Many people say that they want be an artist/poet/writer living here in Provincetown. Thousands, tens of thousands – maybe even a million souls – yearn to “live the dream” and, for whatever their reasons, just can’t do it – yet. Please know, dear reader, that I live here on a wing and a prayer, with a couple of miracles thrown in.
Once a person gets to Provincetown, it’s hard to get out. I must go to Boston so I get in my 1998 Buick with the loud muffler and head to Hyannis for the 9:40AM bus. It starts out nice. Car. Coffee. A sense of adventure. Until the road turns into one lane. I wind through idyllic Cape towns behind drivers so slow that I am going to hyperventilate. Or, an SUV is up the ass of my car so hard that I stop breathing.
Finally, finally, I am here at the Burger King stop, Barnstable. I find a parking spot and race to buy a ticket at the mini mart and wait. It is 9:40AM. Just in time. The bus ride to South Station to the Red Line to the Green Line is city-dirty. I think about why everyone wants to live in Provincetown. I GET IT!
Here I am, at last, at my Alma mater to pick up my work (or a check) from an annual art sale. I want and need the money. While waiting in line, the woman right in front of me has sold all of her work. I am next. “Hi, your name?” says a young arts professional with beautiful red nails who does not look up. “No, you didn’t sell anything. We’ll get your work.”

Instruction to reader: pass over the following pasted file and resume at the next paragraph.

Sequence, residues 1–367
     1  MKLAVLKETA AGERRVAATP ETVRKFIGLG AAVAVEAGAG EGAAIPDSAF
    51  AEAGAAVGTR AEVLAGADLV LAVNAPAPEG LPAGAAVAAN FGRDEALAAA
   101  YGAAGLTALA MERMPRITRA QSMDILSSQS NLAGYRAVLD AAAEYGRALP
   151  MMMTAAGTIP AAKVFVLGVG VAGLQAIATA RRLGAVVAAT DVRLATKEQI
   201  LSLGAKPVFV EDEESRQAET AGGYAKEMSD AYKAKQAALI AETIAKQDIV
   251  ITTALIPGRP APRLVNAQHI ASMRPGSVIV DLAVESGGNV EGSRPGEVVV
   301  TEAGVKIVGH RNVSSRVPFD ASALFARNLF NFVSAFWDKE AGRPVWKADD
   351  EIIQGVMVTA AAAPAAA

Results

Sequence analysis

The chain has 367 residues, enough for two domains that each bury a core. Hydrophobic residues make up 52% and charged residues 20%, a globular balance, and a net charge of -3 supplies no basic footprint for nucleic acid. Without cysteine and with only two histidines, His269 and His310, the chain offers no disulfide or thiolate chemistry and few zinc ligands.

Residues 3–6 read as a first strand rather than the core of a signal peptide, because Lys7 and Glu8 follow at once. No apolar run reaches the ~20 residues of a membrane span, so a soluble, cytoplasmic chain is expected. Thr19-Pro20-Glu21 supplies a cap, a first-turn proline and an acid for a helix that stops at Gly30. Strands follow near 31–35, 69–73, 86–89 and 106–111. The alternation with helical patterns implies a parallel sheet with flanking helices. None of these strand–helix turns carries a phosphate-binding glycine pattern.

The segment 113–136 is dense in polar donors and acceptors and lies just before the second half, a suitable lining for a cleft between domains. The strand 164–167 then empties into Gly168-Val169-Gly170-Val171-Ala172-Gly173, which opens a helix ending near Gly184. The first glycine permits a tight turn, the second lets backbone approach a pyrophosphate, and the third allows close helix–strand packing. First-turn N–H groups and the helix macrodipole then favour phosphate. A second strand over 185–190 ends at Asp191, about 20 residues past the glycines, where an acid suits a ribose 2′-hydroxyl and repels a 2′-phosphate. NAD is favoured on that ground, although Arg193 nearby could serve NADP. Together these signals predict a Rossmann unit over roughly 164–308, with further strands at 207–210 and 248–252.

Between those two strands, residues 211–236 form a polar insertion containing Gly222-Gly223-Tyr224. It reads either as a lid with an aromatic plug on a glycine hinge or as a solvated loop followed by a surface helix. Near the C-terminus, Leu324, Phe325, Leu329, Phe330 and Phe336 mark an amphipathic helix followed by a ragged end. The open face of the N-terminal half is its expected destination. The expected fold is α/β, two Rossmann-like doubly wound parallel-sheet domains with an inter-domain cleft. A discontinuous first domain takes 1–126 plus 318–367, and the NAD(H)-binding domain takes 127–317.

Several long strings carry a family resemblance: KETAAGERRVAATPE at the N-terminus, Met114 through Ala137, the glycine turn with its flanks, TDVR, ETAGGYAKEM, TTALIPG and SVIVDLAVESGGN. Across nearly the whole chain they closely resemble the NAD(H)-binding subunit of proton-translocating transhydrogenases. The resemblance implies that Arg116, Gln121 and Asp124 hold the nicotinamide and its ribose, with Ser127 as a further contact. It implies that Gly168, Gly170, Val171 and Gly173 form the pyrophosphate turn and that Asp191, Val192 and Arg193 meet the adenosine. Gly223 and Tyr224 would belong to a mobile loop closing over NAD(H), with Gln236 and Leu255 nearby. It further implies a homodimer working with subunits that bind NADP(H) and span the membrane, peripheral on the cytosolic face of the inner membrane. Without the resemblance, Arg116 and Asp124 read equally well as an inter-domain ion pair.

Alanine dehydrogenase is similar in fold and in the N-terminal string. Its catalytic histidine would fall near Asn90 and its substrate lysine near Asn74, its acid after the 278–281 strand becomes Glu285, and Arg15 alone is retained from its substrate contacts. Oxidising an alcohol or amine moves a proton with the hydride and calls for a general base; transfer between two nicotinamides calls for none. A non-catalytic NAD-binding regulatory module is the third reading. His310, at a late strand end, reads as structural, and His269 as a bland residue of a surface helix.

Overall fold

My OLD self would have thought I wasn’t good enough but I know better after 21,758 days on Planet Earth. “WHO curated this show?” I ask with a sudden clarity and there it is; a gallery owner who is not into the kind of art I make. That means everything. The work may or may not have been shown with 9000 other offerings. This happens all the time, even to the Picassos of the world. Even so, ouch….
My stuff get wrapped by me. It takes a long time because I am pretty upset, coming all this way and not selling ANYTHING. It’s big and bulky. I take a cab to the bus station and then struggle with the package all through the terminal. Finally, I can rest it on the chairs. A driver quickly approaches me.
“Did you do this?” he asks, young with a BOLT shirt on.
“Yes.” I say.
“Wow. Give me your card.” he asks.
I can really tell that he wants to know why I’m am schlepping all my art around on a bus most of all. I speak as if he asked that very question, by saying “I can’t drive over bridges. It blows my mind that you can.” In that moment, we are each other’s heroes. I am healed by a stranger from the rejection that is inevitably happens when people share their art with others.
About the artist: Laura Shabott came to Provincetown in 1992 and has been part of the arts colony ever since. A graduate of SMFA, Boston at Tufts in cross disciplines, she returned to painting and drawing through a Romano Rizk Scholarship at the Provincetown Art Association and Museum. Shabott also received a Cape Cod Resident Scholarship to study with painter Robert Henry and Returning Residencies, both at the Fine Arts Work Center. She shows at Four Eleven Gallery.